Dying of Thirst

Thomas Quan
13 min readFeb 28, 2021

Kendrick Lamar’s deeply intimate writing communicates both personal and universal elements of faith.

Photograph by Annie Leibovitz

With the 2017 release of his fourth studio album Damn, Kendrick Lamar sent ripples across not only the hip hop community but the entire music sphere. Scores of music blogs and publications dived headfirst into this richly lyricized, darkly complex work that was following one of Lamar’s most acclaimed works, To Pimp a Butterfly. One of these voices was DJBooth.net, where one of its many thought pieces on the provocative album was titled: “Praise & Questions: How Kendrick & Chance Talk to God in Different Ways” (linked here). In it, writer Miguelito analyzed the contrast between two of the industry’s most openly religious artists: how Chance the Rapper adopts a praise-heavy approach to referencing God in Coloring Book while Kendrick travels the path of questioning and doubt in Damn. To the surprise of perhaps everyone at DJBooth.net, Lamar himself responded to the article in a private letter, which he gave the site permission to post, expressing his agreement with the points made and providing some additional context regarding how he sought to express his faith in his music.

In this response (linked here), Kendrick made one very clear point: “So in conclusion, I feel it’s my calling to share the joy of God, but with exclamation, more so, the FEAR OF GOD. The balance. Knowing the power in what he can build, and also what he can destroy. At any given moment.”

As Miguelito wrote in his original article, Kendrick and Chance’s approach to God are two sides of the same coin, reflecting the duality of God’s nature. By understanding God’s abhorrence of sin are we able to understand the great love and sacrifice required in His plan for our redemption and the joy found in Him. Kendrick’s fixation on the justice of the Lord combined with the injustice of systemic racism, having been brought into the national spotlight with the Black Lives Matter movement, provides a backdrop to his most recent works. In an interview, Kendrick Lamar said this regarding his two latest albums: “To Pimp a Butterfly would be the idea of, the thought of changing the world…Damn would be the idea, ‘I can‘t change the world until I change myself.’ ”

Released during Barack Obama’s historic presidency, TPAB delves deeply into difficult political issues affecting the African American community, but it maintains a theme of black empowerment through its celebration of black music tradition and extensive involvement of featured black artists. In contrast, Damn was released one year into Donald J. Trump’s presidency, and it adopts a darker theme that begins at the album cover: a seemingly possessed, solitary Kendrick Lamar staring into the camera, a clear distinction from the multitudinous crowd of joyous individuals that join the rapper on the cover of TPAB. With a shift away from community and into introspection, Damn also communicates Kendrick’s feelings of being torn between lives of godliness and of sin. My focus today is on Kendrick’s roots of faith that led him to this point of tension. As you will see, his questioning of God and His plans has been a theme of his music since the very start; the topics he grapples with in Damn are a continuation of a life of doubt, rather than a recent development. I want to highlight two songs as examples of how the rapper has addressed his own faith in his pursuit of sharing both the joy and the fear of God.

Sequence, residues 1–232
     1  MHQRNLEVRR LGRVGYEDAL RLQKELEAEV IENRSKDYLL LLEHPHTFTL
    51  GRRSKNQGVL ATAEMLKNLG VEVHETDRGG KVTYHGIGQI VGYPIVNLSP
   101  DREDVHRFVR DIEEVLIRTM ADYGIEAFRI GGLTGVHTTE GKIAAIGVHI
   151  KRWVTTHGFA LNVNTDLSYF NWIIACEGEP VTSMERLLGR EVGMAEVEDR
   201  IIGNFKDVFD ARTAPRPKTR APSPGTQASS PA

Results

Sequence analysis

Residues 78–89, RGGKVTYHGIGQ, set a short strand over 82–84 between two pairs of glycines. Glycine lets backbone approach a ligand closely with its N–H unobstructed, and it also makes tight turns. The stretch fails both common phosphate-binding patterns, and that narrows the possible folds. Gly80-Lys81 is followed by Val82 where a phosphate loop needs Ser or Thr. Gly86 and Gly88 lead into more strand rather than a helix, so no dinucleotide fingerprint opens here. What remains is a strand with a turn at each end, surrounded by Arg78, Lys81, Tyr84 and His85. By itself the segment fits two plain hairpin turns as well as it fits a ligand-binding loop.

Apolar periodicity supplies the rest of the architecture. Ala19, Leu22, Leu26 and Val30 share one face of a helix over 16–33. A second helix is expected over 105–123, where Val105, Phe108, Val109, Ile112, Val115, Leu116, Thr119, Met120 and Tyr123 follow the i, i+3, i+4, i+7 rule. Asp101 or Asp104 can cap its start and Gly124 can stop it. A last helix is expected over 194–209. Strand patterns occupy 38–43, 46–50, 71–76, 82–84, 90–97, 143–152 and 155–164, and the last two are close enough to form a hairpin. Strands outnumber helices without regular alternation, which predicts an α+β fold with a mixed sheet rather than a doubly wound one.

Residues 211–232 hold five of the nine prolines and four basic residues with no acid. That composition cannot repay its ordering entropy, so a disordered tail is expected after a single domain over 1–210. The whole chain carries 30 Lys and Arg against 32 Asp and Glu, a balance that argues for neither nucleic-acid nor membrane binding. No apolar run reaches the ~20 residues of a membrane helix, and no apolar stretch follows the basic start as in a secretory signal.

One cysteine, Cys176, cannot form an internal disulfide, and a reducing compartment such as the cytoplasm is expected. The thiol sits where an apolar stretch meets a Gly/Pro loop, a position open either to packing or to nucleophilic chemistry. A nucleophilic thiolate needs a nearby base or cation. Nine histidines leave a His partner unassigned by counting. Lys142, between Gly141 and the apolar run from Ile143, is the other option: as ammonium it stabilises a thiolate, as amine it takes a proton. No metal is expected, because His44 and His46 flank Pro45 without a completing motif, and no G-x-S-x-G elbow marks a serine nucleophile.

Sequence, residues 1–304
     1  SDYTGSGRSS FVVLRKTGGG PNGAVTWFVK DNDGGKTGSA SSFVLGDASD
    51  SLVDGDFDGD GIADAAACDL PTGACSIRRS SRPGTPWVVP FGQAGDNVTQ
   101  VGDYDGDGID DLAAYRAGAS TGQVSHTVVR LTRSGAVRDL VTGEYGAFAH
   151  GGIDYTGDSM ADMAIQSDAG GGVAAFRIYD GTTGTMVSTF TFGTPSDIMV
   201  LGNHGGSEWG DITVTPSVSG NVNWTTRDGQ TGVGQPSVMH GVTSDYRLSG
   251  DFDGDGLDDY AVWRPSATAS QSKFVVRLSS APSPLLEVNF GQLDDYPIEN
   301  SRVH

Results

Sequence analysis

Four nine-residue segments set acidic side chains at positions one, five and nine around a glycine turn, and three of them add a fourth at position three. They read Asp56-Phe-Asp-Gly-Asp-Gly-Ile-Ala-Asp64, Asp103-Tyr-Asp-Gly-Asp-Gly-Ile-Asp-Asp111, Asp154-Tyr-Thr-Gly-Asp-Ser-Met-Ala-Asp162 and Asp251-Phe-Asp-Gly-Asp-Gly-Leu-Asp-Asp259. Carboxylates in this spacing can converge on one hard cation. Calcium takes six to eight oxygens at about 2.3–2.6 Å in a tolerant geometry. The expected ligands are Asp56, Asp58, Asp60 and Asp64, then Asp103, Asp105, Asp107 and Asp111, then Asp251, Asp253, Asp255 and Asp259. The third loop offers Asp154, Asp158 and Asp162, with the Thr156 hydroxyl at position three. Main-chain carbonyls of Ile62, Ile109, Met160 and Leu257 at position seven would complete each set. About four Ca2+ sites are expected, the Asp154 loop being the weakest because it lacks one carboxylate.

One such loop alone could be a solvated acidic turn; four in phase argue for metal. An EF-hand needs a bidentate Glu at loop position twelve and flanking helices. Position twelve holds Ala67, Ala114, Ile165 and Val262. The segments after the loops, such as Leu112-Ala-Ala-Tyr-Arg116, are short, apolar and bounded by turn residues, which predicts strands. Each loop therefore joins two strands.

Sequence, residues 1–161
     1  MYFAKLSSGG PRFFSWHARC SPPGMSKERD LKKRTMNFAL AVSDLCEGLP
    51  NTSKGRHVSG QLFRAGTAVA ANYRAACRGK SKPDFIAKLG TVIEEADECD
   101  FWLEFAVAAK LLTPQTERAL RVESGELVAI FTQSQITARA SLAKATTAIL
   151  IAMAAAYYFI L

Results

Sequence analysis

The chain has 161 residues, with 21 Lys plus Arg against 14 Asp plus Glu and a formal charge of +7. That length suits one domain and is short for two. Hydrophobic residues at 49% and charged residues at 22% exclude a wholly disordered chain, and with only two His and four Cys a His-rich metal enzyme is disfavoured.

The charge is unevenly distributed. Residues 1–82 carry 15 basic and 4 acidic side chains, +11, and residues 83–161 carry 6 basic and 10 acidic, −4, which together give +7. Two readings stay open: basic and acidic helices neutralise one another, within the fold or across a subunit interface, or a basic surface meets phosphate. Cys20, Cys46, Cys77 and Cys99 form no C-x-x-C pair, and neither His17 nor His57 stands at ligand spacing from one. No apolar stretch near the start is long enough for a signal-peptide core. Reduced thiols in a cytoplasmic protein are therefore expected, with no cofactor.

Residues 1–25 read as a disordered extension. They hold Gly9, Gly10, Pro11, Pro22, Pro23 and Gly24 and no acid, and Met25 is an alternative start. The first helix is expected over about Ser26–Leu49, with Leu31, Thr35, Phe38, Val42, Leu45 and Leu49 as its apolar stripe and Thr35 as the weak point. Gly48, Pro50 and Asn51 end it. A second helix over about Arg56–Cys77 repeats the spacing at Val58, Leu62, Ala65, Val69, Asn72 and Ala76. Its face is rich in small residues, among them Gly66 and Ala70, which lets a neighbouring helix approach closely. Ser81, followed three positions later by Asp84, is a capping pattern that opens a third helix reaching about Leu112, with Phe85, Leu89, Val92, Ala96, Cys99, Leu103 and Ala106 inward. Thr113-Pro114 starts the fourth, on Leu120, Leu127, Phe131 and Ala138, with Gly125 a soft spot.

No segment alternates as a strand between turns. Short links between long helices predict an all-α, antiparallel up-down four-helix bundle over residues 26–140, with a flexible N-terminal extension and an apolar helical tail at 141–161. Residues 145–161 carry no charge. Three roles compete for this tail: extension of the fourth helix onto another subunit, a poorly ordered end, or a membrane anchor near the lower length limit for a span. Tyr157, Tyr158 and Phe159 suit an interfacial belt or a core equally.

Faith Is a Gift

The first song comes from Lamar’s sophomore album, the critically lauded Good Kid, M.A.A.D City, a nonlinear narrative primarily told through each song’s outro. It details the rapper’s personal experience living in the system he’d later scrutinize as a whole in TPAB and Damn. One of the last songs on the album, “Sing About Me, I’m Dying of Thirst” is a two-part tale that spans over twelve minutes. It’s a story that introduces us to the genesis of Kendrick’s faith, which is born out of a dense pool of complex emotions such as guilt, rage, and chaos. Hailed as one of the greatest instances of lyrical self-reflection and storytelling, the song’s first part “Sing About Me” adopts the personas of two of Kendrick’s acquaintances, depicting how their own struggles challenge his identity. The second part, “I’m Dying of Thirst” is a keenly introspective look into the rapper’s sense of self, ultimately leading to a reconciliation with God. Kendrick Lamar commented that this song took over a year to write, and each half utilizes different producers and even features separate music videos. To me, this reinforces the duality of Kendrick’s identity, partly borne by guilt and part by faith.

“Sing About Me” is comprised of three verses delivered from three different perspectives, all delivered in Kendrick’s voice. After opening with the chorus — a request for Kendrick to “sing about me” — the first speaker is introduced. He is the brother of Kendrick’s friend Dave, calling Kendrick the day after Dave was murdered (which is depicted in the outro to the track “Swimming Pools (Drank)”.) He shows a sincere appreciation for how Kendrick was there for Dave when he was killed:

“I know exactly what happened

You ran outside when you heard my brother cry for help

Held him like a newborn baby and made him feel

Like everything was alright in a fight he tried to put up”

Despite this, he has consigned himself to a path of vengeance, telling Kendrick:

“My plan’s rather vindictive

Everybody’s a victim in my eyes

When I ride it’s a murderous rhythm

And outside became pitch black

A demon glued to my back, whispering ‘Get ‘em!’ “

Finally, he briefly ponders the futility of a life dominated by senseless gang violence, where death is as spontaneous as the gunshot sound that cuts of the verse — implying that Dave’s brother has met a similar fate before he could escape the cycle of violence. The chorus returns, and in light of the previous verse we can see that Kendrick feels it is his burden to “sing about” those like Dave and his brother for whom “the lights shut off”.